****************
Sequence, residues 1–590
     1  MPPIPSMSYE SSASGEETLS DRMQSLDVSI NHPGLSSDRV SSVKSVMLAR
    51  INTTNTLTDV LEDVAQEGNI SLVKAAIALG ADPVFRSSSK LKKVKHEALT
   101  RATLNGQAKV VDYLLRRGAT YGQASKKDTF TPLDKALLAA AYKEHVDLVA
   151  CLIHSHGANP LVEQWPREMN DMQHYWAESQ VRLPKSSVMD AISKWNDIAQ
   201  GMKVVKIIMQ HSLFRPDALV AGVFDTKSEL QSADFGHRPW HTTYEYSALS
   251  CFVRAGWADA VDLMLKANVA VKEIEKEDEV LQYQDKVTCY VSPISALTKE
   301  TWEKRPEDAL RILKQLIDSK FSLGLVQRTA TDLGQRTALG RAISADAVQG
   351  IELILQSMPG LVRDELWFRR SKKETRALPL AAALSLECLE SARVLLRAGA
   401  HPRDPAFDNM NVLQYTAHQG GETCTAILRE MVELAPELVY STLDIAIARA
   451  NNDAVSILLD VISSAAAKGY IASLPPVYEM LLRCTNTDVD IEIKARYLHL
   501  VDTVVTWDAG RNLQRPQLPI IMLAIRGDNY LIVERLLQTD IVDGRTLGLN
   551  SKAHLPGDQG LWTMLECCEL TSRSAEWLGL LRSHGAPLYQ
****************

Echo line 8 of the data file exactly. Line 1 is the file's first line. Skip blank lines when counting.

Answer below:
   301  TWEKRPEDAL RILKQLIDSK FSLGLVQRTA TDLGQRTALG RAISADAVQG